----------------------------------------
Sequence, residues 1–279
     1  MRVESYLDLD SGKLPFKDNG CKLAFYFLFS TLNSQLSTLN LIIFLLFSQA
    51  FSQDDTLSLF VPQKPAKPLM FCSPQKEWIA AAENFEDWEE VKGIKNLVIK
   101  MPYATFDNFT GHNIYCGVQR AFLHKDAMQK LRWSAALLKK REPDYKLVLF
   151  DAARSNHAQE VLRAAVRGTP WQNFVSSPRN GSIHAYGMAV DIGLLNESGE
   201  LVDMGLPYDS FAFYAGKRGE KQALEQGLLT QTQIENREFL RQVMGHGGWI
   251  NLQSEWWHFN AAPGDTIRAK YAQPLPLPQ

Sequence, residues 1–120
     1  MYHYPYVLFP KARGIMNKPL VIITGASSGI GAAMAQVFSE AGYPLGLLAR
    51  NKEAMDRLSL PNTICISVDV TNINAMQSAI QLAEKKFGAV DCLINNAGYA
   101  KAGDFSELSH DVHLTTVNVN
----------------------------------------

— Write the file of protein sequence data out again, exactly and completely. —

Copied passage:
Sequence, residues 1–279
     1  MRVESYLDLD SGKLPFKDNG CKLAFYFLFS TLNSQLSTLN LIIFLLFSQA
    51  FSQDDTLSLF VPQKPAKPLM FCSPQKEWIA AAENFEDWEE VKGIKNLVIK
   101  MPYATFDNFT GHNIYCGVQR AFLHKDAMQK LRWSAALLKK REPDYKLVLF
   151  DAARSNHAQE VLRAAVRGTP WQNFVSSPRN GSIHAYGMAV DIGLLNESGE
   201  LVDMGLPYDS FAFYAGKRGE KQALEQGLLT QTQIENREFL RQVMGHGGWI
   251  NLQSEWWHFN AAPGDTIRAK YAQPLPLPQ

Sequence, residues 1–120
     1  MYHYPYVLFP KARGIMNKPL VIITGASSGI GAAMAQVFSE AGYPLGLLAR
    51  NKEAMDRLSL PNTICISVDV TNINAMQSAI QLAEKKFGAV DCLINNAGYA
   101  KAGDFSELSH DVHLTTVNVN